UIndy’s new Professional Edge Center made its debut this fall, launching new programs and naming a rising local executive and civic leader to direct its mission of helping students begin and build their careers. Corey L. Wilson is the new associate vice president overseeing the Center, which provides students and recent graduates with opportunities for networking, mentoring, internships, community service, and employment. Based at Stierwalt Alumni House, the Center initiative grew from the Vision 2030 strategic planning process. Constituents pointed to the need for greater engagement between students and alumni and chances for students to connect with potential employers. Wilson will join the senior leadership team in University Advancement, reporting to Vice President Christopher Molloy.
“I really want to hear from faculty, staff, and alumni about what’s working well and make sure I understand and appreciate the perspectives that they have,” Wilson said. “Collaboration is going to be key in the successful implementation and execution of the Center.” Wilson was recognized among Indianapolis Business Journal’s Forty Under 40 community leaders for 2013. After stints with the lieutenant governor’s office and Marion County Health Department, he joined the Indianapolis Airport Authority in 2005, serving as director of supplier diversity and director of IND AeroVision, spearheading economic development efforts in the area surrounding Indianapolis International Airport. He is a recipient of the state’s Sagamore of the Wabash award and a graduate of the Stanley K. Lacy Executive Leadership Series. He also serves as vice chair of the Eskenazi Health Center Board of Directors and is a board member with IndyHub and 100 Black Men of Indianapolis.
Wilson already had UIndy ties through his wife, Dr. Nichole Wilson ’02 ’06, a physical therapist who—as director of Rehab and Sports Medicine for Community Health Network—has been featured in UIndy’s “Inspired. For the rest of your life” advertising campaign. Corey proposed to Nicole the night she received her doctoral degree, he recalls. He was still working with the airport when UIndy’s ad campaign started, and he was pleasantly surprised to learn that his wife was the star of one of the wall-mounted advertisements in the terminal.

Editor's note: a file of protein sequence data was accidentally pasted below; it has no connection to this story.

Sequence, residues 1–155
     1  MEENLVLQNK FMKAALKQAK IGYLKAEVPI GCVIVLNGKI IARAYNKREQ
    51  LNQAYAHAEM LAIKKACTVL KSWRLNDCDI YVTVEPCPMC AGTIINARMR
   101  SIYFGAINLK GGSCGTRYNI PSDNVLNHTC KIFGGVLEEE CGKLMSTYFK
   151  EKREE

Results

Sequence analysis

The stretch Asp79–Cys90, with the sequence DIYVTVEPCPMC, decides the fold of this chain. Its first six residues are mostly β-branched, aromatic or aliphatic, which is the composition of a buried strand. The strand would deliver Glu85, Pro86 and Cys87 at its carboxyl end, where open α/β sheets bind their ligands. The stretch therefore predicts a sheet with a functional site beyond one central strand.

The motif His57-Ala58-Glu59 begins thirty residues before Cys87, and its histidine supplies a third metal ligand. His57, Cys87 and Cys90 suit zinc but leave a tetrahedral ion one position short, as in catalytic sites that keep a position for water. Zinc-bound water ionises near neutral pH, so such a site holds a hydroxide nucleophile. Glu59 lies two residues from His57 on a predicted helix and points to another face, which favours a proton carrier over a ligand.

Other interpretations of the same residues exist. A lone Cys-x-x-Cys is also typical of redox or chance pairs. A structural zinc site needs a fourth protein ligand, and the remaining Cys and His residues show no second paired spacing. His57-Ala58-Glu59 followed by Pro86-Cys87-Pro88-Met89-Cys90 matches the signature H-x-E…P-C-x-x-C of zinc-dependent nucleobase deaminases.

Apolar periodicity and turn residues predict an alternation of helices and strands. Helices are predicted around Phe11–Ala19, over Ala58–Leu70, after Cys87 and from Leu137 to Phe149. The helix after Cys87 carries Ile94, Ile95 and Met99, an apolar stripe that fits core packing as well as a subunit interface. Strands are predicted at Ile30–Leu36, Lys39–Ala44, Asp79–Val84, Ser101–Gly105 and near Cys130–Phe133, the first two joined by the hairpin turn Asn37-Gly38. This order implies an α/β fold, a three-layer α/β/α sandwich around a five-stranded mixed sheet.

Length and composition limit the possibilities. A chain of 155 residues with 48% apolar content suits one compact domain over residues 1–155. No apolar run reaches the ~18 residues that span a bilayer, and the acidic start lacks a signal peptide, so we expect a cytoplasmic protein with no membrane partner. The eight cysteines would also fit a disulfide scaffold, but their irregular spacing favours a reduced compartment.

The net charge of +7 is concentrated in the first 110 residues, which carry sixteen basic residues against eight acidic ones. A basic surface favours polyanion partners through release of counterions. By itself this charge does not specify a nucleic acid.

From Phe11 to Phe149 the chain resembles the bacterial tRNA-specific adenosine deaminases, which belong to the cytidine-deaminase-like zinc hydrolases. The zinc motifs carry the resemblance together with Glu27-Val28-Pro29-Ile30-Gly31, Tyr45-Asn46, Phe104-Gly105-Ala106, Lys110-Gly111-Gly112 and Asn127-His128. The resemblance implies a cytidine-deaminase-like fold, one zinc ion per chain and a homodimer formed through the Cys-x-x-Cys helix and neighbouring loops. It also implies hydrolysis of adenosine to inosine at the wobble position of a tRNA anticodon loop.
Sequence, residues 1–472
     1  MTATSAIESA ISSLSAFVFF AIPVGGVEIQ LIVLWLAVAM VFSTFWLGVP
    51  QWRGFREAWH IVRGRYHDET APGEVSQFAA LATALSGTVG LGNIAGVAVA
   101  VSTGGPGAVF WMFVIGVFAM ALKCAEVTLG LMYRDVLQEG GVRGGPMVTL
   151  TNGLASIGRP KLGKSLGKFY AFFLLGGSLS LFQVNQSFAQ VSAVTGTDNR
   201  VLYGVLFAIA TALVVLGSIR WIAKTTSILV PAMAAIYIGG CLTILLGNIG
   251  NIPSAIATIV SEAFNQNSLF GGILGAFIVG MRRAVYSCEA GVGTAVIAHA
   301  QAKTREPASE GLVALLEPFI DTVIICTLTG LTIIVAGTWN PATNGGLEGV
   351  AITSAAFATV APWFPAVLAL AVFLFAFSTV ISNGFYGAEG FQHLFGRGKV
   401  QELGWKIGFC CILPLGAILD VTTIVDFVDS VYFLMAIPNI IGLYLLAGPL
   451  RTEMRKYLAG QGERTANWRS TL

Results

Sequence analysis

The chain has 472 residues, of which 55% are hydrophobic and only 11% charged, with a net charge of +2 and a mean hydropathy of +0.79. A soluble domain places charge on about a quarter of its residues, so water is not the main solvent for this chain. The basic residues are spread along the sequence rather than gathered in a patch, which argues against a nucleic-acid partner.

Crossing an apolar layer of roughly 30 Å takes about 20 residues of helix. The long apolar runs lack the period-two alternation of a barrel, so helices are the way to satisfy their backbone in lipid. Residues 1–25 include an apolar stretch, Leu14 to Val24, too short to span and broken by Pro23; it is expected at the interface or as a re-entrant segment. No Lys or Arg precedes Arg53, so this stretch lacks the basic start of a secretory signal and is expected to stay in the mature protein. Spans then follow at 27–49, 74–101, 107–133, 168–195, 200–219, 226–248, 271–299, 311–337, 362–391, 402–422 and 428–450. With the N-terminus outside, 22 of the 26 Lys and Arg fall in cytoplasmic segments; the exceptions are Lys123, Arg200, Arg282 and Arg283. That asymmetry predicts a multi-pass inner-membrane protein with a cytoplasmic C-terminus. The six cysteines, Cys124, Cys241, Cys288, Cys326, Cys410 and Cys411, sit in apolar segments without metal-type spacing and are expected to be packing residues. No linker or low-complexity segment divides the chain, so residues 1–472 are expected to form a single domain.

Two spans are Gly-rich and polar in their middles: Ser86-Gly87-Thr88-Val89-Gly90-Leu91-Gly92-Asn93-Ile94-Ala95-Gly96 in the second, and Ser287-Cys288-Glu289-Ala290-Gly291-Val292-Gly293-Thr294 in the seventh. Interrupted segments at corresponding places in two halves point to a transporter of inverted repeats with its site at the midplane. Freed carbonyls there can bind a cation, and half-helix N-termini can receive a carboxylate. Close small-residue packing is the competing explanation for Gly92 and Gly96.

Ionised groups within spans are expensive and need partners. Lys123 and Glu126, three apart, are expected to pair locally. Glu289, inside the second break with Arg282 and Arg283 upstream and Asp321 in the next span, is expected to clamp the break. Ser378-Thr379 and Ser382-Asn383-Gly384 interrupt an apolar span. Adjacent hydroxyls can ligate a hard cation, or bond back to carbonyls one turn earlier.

“It took me two or three weeks of calls from people saying, ‘I saw your wife at the airport,’” he said.
Alumni involvement is vital to the center’s goal of ensuring students a seamless transition from education to career. The staff is assembling eight Professional Edge Teams, one focusing on entrepreneurship and seven others representing business sectors that are academic strengths for the University and vital elements of the Indiana economy: health care, financial services, manufacturing/logistics, communications, public service, nonprofit management, and the arts. Each team will include a lead faculty member, 10 alumni working in the targeted field, and other industry contacts to provide mentoring, networking, and career experiences for the students. The teams will provide crucial feedback on the relevance of UIndy’s curricula, level of student preparedness, and industry trends. The Center’s other programs and services include internship and job fairs, résumé and interview coaching, panel discussions with local professionals, and career exploration and service opportunities in students’ fields of interest.
Professional Edge introduced itself to the campus in October with a week of activities, including the first in an ongoing series of Real Life 101 panel discussions in which successful alumni and other professionals speak and answer questions on career-related issues. The first panelists were Crystal Grave ’99, president and CEO of event-planning service Snappening; Jose Evans ’97, pharmaceutical sales specialist with Sepracor Inc.; Andy Hammond ’06, financial advisor at Northwestern Mutual Financial; and Valynda Laird ’80, director of risk management for IU Health Bloomington Hospital. Another event was a December service showcase that included a panel of local nonprofit leaders discussing how community service experiences can enhance personal and professional growth. The panelists were Marianne Glick, director of the Eugene & Marilyn Glick Family Foundation; Terri Garcia, executive director of Southeast Community Services; David Forsell, president of Keep Indianapolis Beautiful; and Tracy Elliott, CEO of College Mentors for Kids.